Indian Institute of Management, Ahmedabad | Land Portal

Led by Dr. Vikram Sarabhai, Shri. Kasturbhai Lalbhai and proactively supported by the then Chief Minister of Gujarat, Dr. Jivraj Mehta, a group of enlightened individuals set up IIMA. This group ably wove together a coalition of five actors - the governments at the centre and the state, the local industrialists, the Ford Foundation and the Harvard Business School, in a true spirit of public private partnership to establish the Institute. 

IIMA has consistently been ranked as the number one management school in the country year after year in the last several years. In its latest ranking, The Economist has ranked IIMA at 56 among the top 100 international B-schools in the world that offer full time MBA. The Financial Times (FT) has ranked the two-year post graduate programme in management (PGP) of IIMA in the top ten programmes in the category of Masters Programmes in Management that do not require work experience as pre-requisite for admission. FT reported that this was the first time that any Indian B-school was not only included in the survey but also achieved such high ranking. The Financial Times has also ranked the one-year post graduate programme in management for executives (PGPX) among the top MBA programmes globally. The two post graduate programme in management with specialization in agri-sector (PGP-ABM) is ranked at number one among comparable programmes globally by Eduniversal.

Indian Institute of Management, Ahmedabad Resources

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Library Resource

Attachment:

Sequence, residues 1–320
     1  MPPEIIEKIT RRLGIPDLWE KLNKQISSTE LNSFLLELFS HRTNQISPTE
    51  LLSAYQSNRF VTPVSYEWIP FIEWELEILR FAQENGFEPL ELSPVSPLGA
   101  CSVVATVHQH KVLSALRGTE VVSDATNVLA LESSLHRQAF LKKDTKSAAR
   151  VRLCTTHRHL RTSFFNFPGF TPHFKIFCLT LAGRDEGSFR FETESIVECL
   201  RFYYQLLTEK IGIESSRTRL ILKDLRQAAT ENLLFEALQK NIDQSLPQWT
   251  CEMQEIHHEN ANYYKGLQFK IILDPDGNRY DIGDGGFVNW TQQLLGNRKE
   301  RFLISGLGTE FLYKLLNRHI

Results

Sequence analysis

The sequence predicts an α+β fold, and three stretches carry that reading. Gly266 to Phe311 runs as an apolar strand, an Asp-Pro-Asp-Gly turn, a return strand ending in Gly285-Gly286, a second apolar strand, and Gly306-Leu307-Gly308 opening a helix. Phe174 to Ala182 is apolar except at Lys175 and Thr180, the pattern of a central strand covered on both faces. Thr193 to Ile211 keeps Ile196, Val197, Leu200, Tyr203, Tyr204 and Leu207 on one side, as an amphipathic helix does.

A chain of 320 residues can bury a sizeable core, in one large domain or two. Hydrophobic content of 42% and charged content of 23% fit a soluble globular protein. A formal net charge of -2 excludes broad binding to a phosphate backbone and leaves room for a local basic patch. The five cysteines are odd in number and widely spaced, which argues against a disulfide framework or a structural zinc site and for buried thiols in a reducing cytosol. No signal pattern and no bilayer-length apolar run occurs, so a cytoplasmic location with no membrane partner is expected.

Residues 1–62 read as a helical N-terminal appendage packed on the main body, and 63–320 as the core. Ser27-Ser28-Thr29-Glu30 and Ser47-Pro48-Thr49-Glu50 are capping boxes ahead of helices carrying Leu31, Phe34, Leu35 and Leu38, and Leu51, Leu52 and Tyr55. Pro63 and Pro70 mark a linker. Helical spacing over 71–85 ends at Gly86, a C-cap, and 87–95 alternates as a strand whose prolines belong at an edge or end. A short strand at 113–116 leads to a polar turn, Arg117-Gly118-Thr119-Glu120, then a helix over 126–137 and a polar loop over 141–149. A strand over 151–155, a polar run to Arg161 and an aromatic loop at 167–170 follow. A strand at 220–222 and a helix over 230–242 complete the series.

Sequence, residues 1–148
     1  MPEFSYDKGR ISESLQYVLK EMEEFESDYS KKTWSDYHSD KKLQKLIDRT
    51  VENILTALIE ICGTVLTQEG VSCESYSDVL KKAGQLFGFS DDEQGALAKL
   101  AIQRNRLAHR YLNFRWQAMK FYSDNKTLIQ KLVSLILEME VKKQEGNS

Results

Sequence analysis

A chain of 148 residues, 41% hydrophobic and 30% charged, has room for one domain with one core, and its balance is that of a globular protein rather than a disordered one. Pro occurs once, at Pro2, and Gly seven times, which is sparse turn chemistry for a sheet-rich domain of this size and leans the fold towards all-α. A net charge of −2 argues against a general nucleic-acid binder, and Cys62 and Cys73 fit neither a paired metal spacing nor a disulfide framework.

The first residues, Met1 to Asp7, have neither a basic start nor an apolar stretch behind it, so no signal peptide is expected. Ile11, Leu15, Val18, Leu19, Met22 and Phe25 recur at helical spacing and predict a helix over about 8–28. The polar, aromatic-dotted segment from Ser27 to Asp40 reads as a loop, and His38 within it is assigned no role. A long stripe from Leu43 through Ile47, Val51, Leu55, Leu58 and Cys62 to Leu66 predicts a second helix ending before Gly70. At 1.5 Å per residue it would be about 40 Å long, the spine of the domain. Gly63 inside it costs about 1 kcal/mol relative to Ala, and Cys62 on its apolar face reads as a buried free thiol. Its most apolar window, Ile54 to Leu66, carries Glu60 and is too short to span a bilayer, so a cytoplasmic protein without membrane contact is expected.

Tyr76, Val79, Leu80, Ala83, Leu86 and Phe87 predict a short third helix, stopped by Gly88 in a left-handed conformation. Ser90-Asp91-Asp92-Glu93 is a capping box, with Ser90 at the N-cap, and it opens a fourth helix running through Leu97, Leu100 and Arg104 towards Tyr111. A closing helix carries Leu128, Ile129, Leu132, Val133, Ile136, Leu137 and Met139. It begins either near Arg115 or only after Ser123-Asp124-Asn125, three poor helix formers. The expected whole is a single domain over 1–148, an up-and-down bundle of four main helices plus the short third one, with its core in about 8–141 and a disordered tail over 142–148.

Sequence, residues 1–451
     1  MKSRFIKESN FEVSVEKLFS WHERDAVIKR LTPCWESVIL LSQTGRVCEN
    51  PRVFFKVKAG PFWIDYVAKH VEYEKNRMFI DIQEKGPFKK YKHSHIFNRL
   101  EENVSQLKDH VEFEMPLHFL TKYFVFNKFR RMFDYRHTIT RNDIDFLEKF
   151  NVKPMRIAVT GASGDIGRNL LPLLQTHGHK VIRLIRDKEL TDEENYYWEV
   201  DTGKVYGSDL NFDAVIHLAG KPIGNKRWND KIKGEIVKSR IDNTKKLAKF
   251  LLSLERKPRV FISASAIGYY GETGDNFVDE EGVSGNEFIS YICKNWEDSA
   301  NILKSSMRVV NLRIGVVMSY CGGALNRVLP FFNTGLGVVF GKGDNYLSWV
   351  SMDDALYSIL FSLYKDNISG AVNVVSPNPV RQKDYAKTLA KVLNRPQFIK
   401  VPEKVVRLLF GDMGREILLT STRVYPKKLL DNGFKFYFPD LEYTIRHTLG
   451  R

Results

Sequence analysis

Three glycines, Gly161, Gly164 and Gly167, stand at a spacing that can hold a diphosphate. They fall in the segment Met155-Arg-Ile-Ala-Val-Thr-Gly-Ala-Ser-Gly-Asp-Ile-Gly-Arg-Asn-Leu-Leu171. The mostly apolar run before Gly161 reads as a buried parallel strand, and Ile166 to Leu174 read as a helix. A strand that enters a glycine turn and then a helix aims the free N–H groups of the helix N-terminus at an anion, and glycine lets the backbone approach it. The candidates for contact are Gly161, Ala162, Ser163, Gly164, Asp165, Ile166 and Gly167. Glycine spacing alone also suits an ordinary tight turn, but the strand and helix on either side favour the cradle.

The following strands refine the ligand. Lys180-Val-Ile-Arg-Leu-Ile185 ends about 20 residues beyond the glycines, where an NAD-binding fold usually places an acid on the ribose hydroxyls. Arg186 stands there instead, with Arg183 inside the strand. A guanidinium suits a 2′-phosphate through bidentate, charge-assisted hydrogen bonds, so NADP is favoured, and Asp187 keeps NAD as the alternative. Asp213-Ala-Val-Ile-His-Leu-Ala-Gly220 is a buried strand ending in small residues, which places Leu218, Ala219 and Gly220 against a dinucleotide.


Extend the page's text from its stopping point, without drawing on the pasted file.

January, 2006
India

This paper profiles cases of corporate farming practices and examines the rationale for allowing corporate farming in India in the context of its agriculture and rural sector. It points out that the rationale is weak and not supported by evidence on corporate farming.Corporate farming is promoted on the grounds that large-scale corporate agriculture is more efficient than peasant farming prevalent in the country and that it leads to better allocative efficiency, induces higher private investment in agriculture, and results in higher output, income and exports.

Library Resource
January, 2002
India, Southern Asia

The Gujarat state government has followed a strategy focussed on industrialisation and urbanisation with an open door policy ever since its inception in 1960. Economic reform measures at the centre with an explicit emphasis on trade and industry considerably benefited Gujarat, making its economic performance outstanding. During the process of economic policy reforms and liberalisation in the 1990s, the constraints and regulation on economic activities by the centre in different segments of the economy got relaxed.

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